Devoted to the Propagation and Defense of New Testament Christianity
April 3, 1952
NUMBER 47, PAGE 2,5b

The Quest For Happiness

Rufus Clifford, Lawrenceburg, Tennessee

All men are in quest of happiness, and upon a thousand paths the shoeprints of the seekers are found there is possibly nothing in all the world, nothing which holds the slightest promise or hope of happiness, that has not been tried by one eager to find the magic secret. It is worth our while to try to find the secret of true and abiding Christian joy.

Christianity brings joy. The New Testament opens with joy over the birth of Jesus. The message of the angel to the shepherds was, "I bring you good tidings of great joy, which shall be to all people." (Luke 2:11) The New Testament closes with a superb picture of multitudes singing "Hallelujah Choruses." Behind the New Testament is a joyous personality — Jesus Christ. Jesus came to bless men, to comfort sorrow, to open prisons, to lift the lost up to heaven. When John the Baptist was in prison he sent his disciples to Jesus with this question, "Art thou he that cometh, or look we for another?" Here is the answer Jesus gave, "Go and tell John the things which ye hear and see: the blind receive their sight, and the lame walk, the lepers are cleansed, and the deaf hear, and the dead are raised up, and the poor have good tidings preached to them." (Matt. 11:2-6)

Jesus talked much about joy. Just before he died he bequeathed his joy to his disciples. "Peace I leave with you; my peace I give unto you." (John 14:27) He commanded them to pray for joy. "Ask, and ye shall receive, that your joy may be made full." (John 18:24) In that great intercessory prayer Jesus prayed that the disciples' joy might be full. "That they may have my joy made full in themselves." (John 17:18) Jesus is our perfect model. Christianity is just reproducing in our lives the Christ-life. It is thinking as he thought, talking as he talked, living as he lived, and conducting ourselves in all the activities and relationships of life as he did. But Jesus had a wondrous joy of his own. He was "a man of sorrows," yet all the while there was in his heart a deep joy which nothing could disturb. The Hebrew writer charges us to look unto Jesus, "Who for the joy that was set before him endured the cross." (Heb. 12:2) Christians to be Christ-like should have joy. Jesus desires and prays that his disciples have his joy — the joy of faith in God and in His Son, the joy of assured hope of triumph, the joy of salvation, the joy of success in their work, the joy of bringing men to righteousness and heaven.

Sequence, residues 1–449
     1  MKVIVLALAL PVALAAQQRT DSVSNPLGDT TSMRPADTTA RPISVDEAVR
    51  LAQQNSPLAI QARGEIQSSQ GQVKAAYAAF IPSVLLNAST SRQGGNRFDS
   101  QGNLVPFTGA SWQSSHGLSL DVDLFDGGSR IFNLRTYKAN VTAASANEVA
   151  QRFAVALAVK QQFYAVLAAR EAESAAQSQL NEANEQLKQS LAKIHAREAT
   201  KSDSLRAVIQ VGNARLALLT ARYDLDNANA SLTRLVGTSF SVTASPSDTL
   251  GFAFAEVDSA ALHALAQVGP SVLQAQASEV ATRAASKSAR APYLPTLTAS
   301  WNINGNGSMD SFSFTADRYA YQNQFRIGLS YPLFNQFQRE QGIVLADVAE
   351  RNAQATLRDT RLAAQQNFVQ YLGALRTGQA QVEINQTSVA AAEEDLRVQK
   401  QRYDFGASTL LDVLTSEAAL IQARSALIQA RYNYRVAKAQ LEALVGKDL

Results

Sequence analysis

Christ had joy, though insulted, misrepresented, opposed, persecuted and finally crucified. The joy that Christ desires and prays for us to possess is too deep to be affected by this world's occurrences. It is a joy which the world can neither give nor take away. It lives in the heart under the bitterest sorrows, and sings its songs in the darkest nights.

Joy is not merely a privilege, a blessing, which Christians may enjoy, but it is also a duty. Here is the command, "Rejoice in the Lord always; again I will say, Rejoice." (Phil. 4:4) Even amidst unfavorable surroundings, yea in the very presence of persecution, we are commanded to "Rejoice, and be exceeding glad: for great is your reward in heaven: for so persecuted they the prophets that were before you." (Matt. 5:12) We are also charged, "Even so let your light shine before men; that they may see your good works, and glorify your Father who is in heaven." (Matt. 5:16)

Christians are to be light, and light is cheering, purifying, life-giving, reviving, refreshing, scatters darkness and gloom. Light is a symbol of joy. Jesus said, "Ye are the light of the world." (Matt. 6:14) Gloom, therefore, in the life of a follower of the Lord is a contradiction of Christ-likeness. It is our duty to be joyful, cheerful, songful, whatever the circumstances or experiences may be. We should never yield to discouragement, to depression, to disheartenment. We are as dependent on the frame of our minds as on the state of our bodies. Joy in God produces very important effects. It disposes for action. Fear and sorrow depress and overwhelm the soul; they enervate and benumb all our faculties; they keep us from attending to any encouraging considerations; they disable us from extending any relief to others; and they indispose us for the most necessary duties of life. On the contrary, a joy-tasks easier, as our helpful words and joyous songs ring and sacrifices are willingly made for the Lord's Cause. The joy of the Lord is the invigorating tonic of the Christian character. The thing that makes us a strong Christian or a weak one is our possession or deprivation of the joy of the Lord. If we let darkness into our soul, it will darken our eyes, and mar the beauty of our life. Discouragement is dangerous. It robs a man of strength and skill, and makes him faint in the struggle. It chills his heart, takes the enthusiasm out of his life, and imperils all his career. We should resolve never to be discouraged, for discouragement is defeat.